Big Issues

Millennials Are More Likely To Be Perfectionists, And It’s Kind Of A Problem

A recent study found that we're 33 per cent more likely to care what our peers think than generations before us.

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A recent study has found that millennials are more concerned with being ‘perfect’ than previous generations. The study, released in the Psychological Bulletinexamined over 40,000 Canadian, British and American college students aged 18 to 25 between 1989 and 2016.

But it’s not talking about perfectionism in a Monica from Friends subplot kind of way. Or a “my weakness is that I work too hard” humblebrag. Our perfectionism is a lot more nuanced than that.

Millennials Are Under A Lot Of Pressure

The study found that those surveyed displayed “multidimensional perfectionism” which means they have unrealistically high standards for themselves and others.

The authors, Thomas Curran and Andrew P. Hill, defined three different kinds of perfectionism that made up “multidimensional perfectionism”. The first is self-oriented perfectionism, where a person puts pressure on themselves to reach ridiculously unattainable goals. The second is socially prescribed perfectionism, where a person feels like their family and friends are putting pressure on them. The third is other-oriented, which refers to how you view people in your social circles and the standard you hold them up to.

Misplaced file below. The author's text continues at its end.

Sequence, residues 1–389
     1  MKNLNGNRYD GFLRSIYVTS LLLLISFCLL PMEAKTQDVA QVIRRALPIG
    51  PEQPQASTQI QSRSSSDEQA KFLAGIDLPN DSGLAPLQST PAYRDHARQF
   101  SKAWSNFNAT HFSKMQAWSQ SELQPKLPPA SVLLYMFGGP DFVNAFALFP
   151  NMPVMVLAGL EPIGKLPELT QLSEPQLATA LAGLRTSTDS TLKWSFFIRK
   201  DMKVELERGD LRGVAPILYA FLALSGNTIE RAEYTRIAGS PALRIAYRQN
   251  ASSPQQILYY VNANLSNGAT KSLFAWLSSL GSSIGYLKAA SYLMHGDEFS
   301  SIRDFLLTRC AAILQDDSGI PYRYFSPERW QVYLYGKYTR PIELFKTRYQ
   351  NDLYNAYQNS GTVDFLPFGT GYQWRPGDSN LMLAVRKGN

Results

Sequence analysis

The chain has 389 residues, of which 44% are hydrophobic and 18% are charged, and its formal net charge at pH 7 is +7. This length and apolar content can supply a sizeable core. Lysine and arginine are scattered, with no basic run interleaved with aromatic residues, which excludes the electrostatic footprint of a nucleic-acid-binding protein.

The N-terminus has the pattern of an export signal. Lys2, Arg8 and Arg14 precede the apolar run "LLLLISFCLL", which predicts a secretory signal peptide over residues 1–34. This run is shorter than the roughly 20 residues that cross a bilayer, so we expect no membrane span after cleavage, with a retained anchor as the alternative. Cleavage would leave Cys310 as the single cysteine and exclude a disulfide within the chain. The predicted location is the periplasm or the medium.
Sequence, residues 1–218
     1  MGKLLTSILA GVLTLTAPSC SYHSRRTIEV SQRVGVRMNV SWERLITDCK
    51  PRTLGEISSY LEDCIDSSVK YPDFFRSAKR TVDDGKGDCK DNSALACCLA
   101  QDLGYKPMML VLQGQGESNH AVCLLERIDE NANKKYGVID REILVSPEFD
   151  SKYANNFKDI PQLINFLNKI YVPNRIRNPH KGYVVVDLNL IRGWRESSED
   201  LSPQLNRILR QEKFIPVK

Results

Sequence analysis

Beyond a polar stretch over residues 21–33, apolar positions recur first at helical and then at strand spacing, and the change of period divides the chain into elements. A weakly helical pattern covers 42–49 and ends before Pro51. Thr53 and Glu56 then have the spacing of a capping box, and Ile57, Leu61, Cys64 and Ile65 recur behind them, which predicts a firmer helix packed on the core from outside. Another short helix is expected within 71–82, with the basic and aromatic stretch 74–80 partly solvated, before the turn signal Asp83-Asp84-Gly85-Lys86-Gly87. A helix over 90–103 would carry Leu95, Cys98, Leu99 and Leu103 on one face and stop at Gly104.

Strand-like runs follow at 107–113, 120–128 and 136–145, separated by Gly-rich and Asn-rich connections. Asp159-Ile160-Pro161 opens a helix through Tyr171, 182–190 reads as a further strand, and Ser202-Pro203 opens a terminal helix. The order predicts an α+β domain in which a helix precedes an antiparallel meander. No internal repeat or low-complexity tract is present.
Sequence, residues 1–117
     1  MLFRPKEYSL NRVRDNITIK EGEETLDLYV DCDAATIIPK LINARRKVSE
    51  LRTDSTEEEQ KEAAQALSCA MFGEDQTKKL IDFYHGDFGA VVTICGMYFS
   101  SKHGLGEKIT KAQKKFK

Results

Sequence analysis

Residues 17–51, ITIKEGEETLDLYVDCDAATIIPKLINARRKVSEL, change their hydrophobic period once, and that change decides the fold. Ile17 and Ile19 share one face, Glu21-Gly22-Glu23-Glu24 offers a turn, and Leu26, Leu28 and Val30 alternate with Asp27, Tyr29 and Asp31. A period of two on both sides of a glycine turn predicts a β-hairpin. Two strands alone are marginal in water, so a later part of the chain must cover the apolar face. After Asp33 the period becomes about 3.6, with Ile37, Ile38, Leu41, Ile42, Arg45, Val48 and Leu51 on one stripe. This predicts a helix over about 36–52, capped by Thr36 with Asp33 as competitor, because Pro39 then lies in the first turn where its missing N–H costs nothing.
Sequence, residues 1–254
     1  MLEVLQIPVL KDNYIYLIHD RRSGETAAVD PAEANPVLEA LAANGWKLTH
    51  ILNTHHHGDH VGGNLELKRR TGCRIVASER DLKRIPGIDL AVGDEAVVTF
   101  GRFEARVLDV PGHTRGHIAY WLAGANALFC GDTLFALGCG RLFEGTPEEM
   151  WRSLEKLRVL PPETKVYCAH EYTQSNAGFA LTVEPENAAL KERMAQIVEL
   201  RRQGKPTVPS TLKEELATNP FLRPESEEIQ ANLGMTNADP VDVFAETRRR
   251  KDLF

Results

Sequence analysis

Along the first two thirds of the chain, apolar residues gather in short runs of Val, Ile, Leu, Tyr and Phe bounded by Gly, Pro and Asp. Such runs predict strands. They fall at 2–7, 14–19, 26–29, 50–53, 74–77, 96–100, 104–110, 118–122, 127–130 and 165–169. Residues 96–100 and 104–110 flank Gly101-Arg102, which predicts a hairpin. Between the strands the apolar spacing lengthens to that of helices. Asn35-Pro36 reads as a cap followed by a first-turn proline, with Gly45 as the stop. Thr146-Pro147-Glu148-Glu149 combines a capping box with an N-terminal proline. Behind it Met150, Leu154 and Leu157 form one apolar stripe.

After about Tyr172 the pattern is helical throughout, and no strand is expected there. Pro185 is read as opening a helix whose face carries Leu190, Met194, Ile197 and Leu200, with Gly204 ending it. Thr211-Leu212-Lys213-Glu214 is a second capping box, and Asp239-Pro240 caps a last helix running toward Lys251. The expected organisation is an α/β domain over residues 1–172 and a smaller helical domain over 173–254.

The study noted that since 1989, self-oriented and other-oriented perfectionism have both risen by 10 per cent. But the most “debilitating” of all three, socially prescribed perfectionism, has risen 33 per cent. The reason why socially prescribed perfectionism is so debilitating is because “the perceived expectations of others are experienced as excessive, uncontrollable, and unfair, making failure experiences and negative emotional states”. As such, it’s linked to higher increases in depressive symptoms over time.

But Why Are We Perfectionists?

According to the study, millennials are socially prescribed perfectionists for a variety of reasons.

Mainly, the authors note that the rise of neoliberalism (a fancy word that means a free market system in which people have to compete more with each other) is a contributing factor. This makes us more competitive than ever, and if we fail, we only have ourselves to blame. The authors also add that this competitiveness is backed up by social media usage.

As Lila MacLellan wrote for Quartz, “The explosion of personal branding rituals—the posting of selfies and status updates announcing new relationships, strong grades, or promotions—exposes everyone to idealised versions of their peers, making college students feel that others are racing ahead, closing in on the perfect life.”

What Can We Do About It?

According to the study, perfectionism is a generational affliction – it’s not our fault that we’re this way.

But the problem with perfectionism is that it can result in feelings of anxiety and feeling like we’re never good enough. According to Anxiety BC‘s guide on overcoming perfectionism, “Trying to be perfect is also likely to make you feel stressed and maybe even disappointed with yourself much of time because you are not able to meet your standards easily or at all”.

If this sounds like you, there’s a bunch of avenues you can go down to rewire your thinking. Psychologist Tamar Chansky told the Huffington Post that you can start by “increasing tolerance for growth”, “focusing on the ride, not just the destination” and “destigmatising mistakes”.

But this is just the beginning. It’s always a good idea speak to a professional if you’re feeling overwhelmed.

If you or someone you know is struggling with a mental illness, you can find help by seeking advice from a counsellor or calling Lifeline on 13 11 14.